However, there is a time lag between the adoption of repeal of a legal act in the EU and its addition to or removal from the EEA Agreement. This means that the body of EU law that applies in Iceland, Liechtenstein and Norway may differ from that which is in force in the EU. On 1 December 2021, 767 directives and 3548 regulations were in force to ensure the functioning of the single market in the EEA. This should be considered when comparing the Single Market Scoreboard with the EEA Scoreboard.

Transposition deficit

Transposition deficit in EEA EFTA countries as of 1 December 2021

Average deficit (all 3 countries): 0.9% (up from 0.8% in December 2020)

  • Norway: 0.8% (up from 0.4%)
  • Liechtenstein: 0.4% (down from 0.7%)
  • Iceland: 1.6% (up from 1.2%)

Total number of late directives: 21 (up from 19 in December 2020)

  • Norway: 6 (up from 3)
  • Liechtenstein: 3 (down from 6)
  • Iceland: 12 (up from 10)

Average delay in transposing directives: 17.2 months (down from 30.6 months in December 2020)

  • Norway: 9.9 months (down from 12.1)
  • Liechtenstein: 26 months (down from 65.5)
  • Iceland: 15.6 months (up from 14.3)


Changes in the average transposition deficit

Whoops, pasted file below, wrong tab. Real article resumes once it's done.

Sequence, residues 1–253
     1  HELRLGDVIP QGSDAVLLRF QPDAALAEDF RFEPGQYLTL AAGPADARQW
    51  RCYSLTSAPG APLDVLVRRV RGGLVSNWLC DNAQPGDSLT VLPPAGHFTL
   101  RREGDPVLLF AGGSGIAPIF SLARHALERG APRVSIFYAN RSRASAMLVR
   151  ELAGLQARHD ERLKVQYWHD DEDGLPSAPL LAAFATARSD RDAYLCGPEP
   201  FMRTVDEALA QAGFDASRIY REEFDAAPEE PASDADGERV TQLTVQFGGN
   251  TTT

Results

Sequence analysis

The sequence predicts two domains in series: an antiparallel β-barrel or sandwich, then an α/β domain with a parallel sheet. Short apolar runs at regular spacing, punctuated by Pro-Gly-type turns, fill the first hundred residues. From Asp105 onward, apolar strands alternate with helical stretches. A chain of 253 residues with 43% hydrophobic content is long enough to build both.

The transposition deficit is the percentage of single market directives not yet completely notified to the Commission out of the total number of directives that should have been notified by the deadline. A 1% target was set at the March 2002 European Council.

  • The EU average deficit, which had been decreasing steadily for 19 years (between 1997 and 2016), doubled in June 2016 (from 0.7% to 1.5%). This rise was due to an unusually high number of directives that needed to be transposed in the months before the cut-off date for calculating Member States’ performance. The transposition rate then returned to more normal values (0.6% in December 2019). It has now increased again, this time by 167%. This has likely been caused by the COVID-19 pandemic, which placed a strain on Member States’ administrative resources. There were also quite a high number of single market directives (96) that had to be transposed between 1 December 2019 and 1 December 2021.

Trend in transposition deficit by Member State and EEAEFTA country


Changes in the incompleteness rate

The incompleteness rate records, across the EU, the number of outstanding directives that one or more Member States have failed to transpose completely as a percentage of the total number of single market directives. It show the extent to which the single market is not yet a reality in the areas covered under those directives.

  • When one or more Member States fail to transpose directives on time, they leave a void in the EU legal framework. Instead of the single market covering all Member States, it remains much smaller and fragmented. Consequently, the economic interests of all Member States suffer if just one Member State does not deliver.